Paste Special Add Operation
I was talking to Steve on the telephone the other day when I came up with the idea for this tip. Steve had a table of monthly sales figures in Excel. Because two product lines had been merged, Steve needed to add all of the sales figures from product D into the sales figures for product C. As I listened over the phone, Steve did what we all do: he inserted a blank Excel row, entered an Excel formula to sum the cells, then used paste-special-values to paste the result over top of the original figures for product C, then deleted the old product D and the temporary blank row. There is a faster way - using Paste Special Add instead of Paste Special Values.
If you have been working with spreadsheets since the days of Lotus 1-2-3, then you know how to /Range Value cells with formulas in order to change the entries from formulas to values. As you transitioned to Excel, the Excel help taught us to use Edit > Paste Special > Values to accomplish the same thing. After grumbling about having to learn a new method, we all quickly started using "Paste Special Values" (if you are a real keyboard nut, you memorized the alt-esv shortcut) and went on with our lives.
For anyone who does not know how to use Paste Special Values: review Join Text in Excel.
Here is this week's tip: Have you ever looked at the Paste Special dialog box and wondered what all of those other options really do?
Let's look at the "Operation" section of the PasteSpecial dialog box. With the "Add" option, you can highlight a rectangular range of cells, use Edit > Copy to copy them to the clipboard, then use Edit > Paste Special > Add to add those values to another range of cells. This will make Steve's task much simpler.
Let's take a look at Steve's example. He wants to add each month's sales figures from Item D to the corresponding month for Item C. First, Steve would highlight cells B4:M4 and hit Edit > Copy.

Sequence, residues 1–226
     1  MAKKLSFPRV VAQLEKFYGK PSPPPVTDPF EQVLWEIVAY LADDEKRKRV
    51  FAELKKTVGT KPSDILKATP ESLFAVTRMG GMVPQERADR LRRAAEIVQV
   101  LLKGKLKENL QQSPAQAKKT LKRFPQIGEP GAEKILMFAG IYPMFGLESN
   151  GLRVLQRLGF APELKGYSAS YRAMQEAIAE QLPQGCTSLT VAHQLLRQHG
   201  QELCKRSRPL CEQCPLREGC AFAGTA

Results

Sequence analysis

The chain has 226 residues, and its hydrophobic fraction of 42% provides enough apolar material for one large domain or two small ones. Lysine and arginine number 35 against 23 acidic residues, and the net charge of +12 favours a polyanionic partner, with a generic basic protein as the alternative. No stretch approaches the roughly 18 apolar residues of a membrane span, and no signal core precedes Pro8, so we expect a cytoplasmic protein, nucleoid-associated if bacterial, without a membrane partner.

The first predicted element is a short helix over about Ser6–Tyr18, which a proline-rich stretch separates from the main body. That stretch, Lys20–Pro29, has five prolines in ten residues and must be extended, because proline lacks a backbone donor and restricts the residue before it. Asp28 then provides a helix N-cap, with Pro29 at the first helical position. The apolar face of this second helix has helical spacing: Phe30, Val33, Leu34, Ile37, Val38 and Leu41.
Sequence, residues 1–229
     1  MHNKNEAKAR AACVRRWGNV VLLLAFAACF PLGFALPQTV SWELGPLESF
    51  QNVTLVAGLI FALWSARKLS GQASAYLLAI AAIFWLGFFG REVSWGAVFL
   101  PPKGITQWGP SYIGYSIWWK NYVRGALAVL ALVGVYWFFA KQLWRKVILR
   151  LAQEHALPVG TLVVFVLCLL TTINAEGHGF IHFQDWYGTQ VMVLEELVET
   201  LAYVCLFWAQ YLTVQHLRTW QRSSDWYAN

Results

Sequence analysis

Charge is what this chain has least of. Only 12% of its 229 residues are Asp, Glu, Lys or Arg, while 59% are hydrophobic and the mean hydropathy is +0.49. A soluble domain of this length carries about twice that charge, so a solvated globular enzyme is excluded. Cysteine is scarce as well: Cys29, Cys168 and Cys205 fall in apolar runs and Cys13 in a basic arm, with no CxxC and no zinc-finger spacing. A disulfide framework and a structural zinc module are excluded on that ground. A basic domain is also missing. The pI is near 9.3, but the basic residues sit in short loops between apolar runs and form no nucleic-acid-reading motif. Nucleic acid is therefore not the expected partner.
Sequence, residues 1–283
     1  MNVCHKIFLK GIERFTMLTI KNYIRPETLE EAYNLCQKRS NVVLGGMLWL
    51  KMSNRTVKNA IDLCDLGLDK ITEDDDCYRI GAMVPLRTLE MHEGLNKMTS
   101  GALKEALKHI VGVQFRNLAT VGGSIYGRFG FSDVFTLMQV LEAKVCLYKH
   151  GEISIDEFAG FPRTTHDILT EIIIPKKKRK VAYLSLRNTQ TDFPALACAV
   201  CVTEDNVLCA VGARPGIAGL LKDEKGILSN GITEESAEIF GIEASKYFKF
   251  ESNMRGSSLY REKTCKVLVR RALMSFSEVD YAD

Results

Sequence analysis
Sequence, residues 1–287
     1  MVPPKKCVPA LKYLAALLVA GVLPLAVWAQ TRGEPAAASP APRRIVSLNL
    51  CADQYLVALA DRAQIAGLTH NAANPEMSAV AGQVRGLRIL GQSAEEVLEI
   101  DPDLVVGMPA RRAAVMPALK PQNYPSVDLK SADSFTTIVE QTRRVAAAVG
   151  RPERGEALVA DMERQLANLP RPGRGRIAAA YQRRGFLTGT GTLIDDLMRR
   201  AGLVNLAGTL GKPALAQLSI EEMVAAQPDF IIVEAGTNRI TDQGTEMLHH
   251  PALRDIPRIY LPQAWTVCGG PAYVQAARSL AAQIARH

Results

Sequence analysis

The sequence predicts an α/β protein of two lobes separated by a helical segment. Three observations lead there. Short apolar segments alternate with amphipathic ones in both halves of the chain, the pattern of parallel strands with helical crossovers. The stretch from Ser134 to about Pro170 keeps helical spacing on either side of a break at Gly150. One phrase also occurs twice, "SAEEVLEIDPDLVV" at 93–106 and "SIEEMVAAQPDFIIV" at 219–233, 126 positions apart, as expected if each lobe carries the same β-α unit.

Next he would highlight cell B3, choose Edit > Paste Special and select Add from the Operation section of the Paste Special dialog.
Click on OK, and Excel will add the cells from the clipboard to the existing values for Item C.
Steve can now delete item D and continue on his way. This method is quicker and less prone to error than inserting a row, entering the formula, changing the formulas to values and pasting over the original figures. It is not a lot quicker, but every bit helps.
Paste special can also be used to apply a single value to a range of cells. For example, if you have 1000 cells that are all negatives and you need to change them to be positive:
- Find a temporary cell and enter -1 as the value in that cell
- Copy the temporary cell
- Highlight your 1000 cell range
- Use Edit > Paste Special > Multiply to multiply all of those 1000 cells by negative 1.
So, the next time you find yourself about to insert a temporary row in order to perform a calculation, try out these other options found in the Paste Special dialog to simplify your life.